For years, diversification has been the operating mantra at Afrimat and remains central to the company’s continued success. Behind the successful diversification is a solid business development team with a sharp eye for new opportunities.
Joanne Giles, New Business Development at Afrimat, explains that the company’s business development team not only focuses on acquisitions, but also on opportunities to expand the product offering from existing operations and to diversify into new markets. Central to this approach is the quest to maximise best value from the resource and create new revenue streams.
A case in point is the new beneficiation project at the Gauteng-based Glen Douglas operation. Here, Afrimat has invested in a new ball mill plant to allow it to initially expand its agricultural lime (aglime) production and eventually spread its wings more widely into the chemical, asphalt and tile markets. When we visited the site, the first phase of the project, which is focused on the production of aglime, was being commissioned.
“The key driver for this project is to increase Glen Douglas’ product offering and reduce our dependence on the traditional construction materials and metallurgical markets which form the base of our revenue from this operation,” explains Giles.
An opportunity to serve two key markets was identified. Firstly, it was the opportunity to increase aglime production to better serve the high demand. Secondly, an opportunity to produce milled dolomitic product for use by a potential customer in the chemical industry was investigated.
The first phase of the project has been completed and will allow Afrimat to produce 50 tonnes per hour (tph) of aglime. While this product is not new to the operation, project engineer Stephan de Villiers explains that the new plant offers the capability of producing aglime in larger quantities.
Traditionally, production of aglime at Glen Douglas entailed the reclamation of fines from the sludge ponds. Given that all products from the main plant at this operation are washed, a huge concentration of fines therefore exists in the ponds. The Afrimat team would reclaim the fine material from the ponds, leave it to dry and then screen it to the required material size.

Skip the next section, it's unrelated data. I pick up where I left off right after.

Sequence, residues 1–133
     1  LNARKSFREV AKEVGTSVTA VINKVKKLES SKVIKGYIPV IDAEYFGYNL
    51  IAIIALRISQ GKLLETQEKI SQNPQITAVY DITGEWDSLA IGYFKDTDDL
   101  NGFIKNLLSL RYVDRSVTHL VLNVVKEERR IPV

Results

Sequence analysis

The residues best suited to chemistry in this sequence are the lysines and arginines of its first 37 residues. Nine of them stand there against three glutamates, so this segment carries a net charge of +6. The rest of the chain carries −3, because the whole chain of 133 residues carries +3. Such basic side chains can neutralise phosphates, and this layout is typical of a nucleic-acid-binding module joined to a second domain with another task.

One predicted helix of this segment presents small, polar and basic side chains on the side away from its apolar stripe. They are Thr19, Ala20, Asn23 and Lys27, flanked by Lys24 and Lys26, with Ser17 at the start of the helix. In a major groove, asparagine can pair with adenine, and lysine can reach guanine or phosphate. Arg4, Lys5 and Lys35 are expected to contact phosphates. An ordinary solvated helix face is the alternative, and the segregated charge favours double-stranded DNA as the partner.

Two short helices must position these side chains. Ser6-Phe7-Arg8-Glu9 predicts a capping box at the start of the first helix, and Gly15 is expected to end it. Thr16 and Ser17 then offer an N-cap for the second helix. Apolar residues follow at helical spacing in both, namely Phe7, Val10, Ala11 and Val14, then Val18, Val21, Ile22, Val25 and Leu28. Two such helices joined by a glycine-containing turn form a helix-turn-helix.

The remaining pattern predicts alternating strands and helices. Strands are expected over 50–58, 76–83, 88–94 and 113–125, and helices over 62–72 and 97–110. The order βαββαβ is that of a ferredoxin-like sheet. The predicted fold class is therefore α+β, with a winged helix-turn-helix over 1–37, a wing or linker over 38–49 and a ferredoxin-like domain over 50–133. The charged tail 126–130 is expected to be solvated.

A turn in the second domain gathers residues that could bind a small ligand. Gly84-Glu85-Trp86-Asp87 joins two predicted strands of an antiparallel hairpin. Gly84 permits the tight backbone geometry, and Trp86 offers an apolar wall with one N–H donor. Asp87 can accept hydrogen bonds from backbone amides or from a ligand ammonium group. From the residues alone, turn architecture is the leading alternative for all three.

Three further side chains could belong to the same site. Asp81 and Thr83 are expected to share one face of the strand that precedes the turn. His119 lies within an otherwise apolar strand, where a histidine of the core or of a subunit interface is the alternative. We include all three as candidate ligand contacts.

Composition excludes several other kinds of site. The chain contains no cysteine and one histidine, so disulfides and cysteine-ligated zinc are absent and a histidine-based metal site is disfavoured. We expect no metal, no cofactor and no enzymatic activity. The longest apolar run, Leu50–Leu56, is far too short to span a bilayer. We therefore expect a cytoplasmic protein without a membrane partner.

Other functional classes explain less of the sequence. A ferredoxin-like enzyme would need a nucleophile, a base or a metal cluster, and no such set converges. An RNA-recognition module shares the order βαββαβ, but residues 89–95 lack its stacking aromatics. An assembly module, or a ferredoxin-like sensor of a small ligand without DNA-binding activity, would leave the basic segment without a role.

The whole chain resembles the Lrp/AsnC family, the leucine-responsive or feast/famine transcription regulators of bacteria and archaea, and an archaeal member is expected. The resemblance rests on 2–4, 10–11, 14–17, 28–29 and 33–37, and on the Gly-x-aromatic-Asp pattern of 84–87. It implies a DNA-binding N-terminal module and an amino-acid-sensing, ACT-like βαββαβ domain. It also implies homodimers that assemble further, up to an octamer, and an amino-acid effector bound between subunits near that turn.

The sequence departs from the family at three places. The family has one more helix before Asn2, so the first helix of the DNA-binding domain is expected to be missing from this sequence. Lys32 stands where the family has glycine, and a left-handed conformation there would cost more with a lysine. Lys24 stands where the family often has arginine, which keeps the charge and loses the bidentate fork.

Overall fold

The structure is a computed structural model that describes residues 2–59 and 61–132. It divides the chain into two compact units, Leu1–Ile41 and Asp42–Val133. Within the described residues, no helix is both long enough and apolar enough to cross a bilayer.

Using this method proved to be a challenge, mainly due to the time required to dry the product. Given the high demand for aglime, a business case study justified investment in a ball mill plant. A used ball mill was sourced, as well as some second-hand equipment which was refurbished in-house. Some of the required machinery was also reclaimed from some of Afrimat’s old plants.
“Because of the fine nature of aglime, which is about -1,75 mm in size, a ball mill was required to mill the product to the required size. It is difficult to produce fine material of this nature using conventional crushing methods. The ball mill gives us the ability to grind more finely,” explains De Villiers.
When we visited the site, the first phase of the plant was in commissioning phase, with the plant already producing 25 tph. Material from the feed bin is fed into the plant via an incline conveyor. The material then goes over a Mac’s Engineering-built high frequency screen.
“Here, we first screen out material that is already in spec (-1,75 mm), which is directly conveyed to the final stockpile. The coarse material (anything over -1,75 mm) goes through a scraper chain conveyor before it is fed into the ball mill, where it is milled to the required fine size,” explains De Villiers.
Material from the ball mill is then picked up by an elevator, which feeds it onto the high frequency screen again to ensure that there are no larger particles reporting to the final stockpile. From here, material is channelled to the final stockpile using two chain conveyors. Given the extra fine nature of the product, an extraction system is installed to reduce dust emission.
The second phase of the project will focus on the production of a milled dolomitic product for use by a potential customer in the chemical industry. Additional market avenues suitable for this product were identified in asphalt production and the tile adhesive market. To produce this material to the required micron sizes (less than 750 microns), another ball mill will be installed.
“We have already sourced a second ball mill for the second phase of this beneficiation project,” explains De Villiers. “For this phase, we will also need some specialised air classification equipment to classify the material instead of using the screening process,” explains De Villiers.
At the time of writing, De Villiers expected the second phase to commence once the first phase had been ramped up to nameplate capacity. “We could, however, make the micron size material using the first phase setup, but it would require some extra equipment,” he says.
In conclusion, Giles says having a ball mill on site has opened the door for additional products not previously considered. “This concept can be extended to other products and operations within the Afrimat stable. It is the first phase of the Afrimat beneficiation hub which is envisaged to provide continued growth and expansion beyond traditional dolomitic products,” concludes Giles.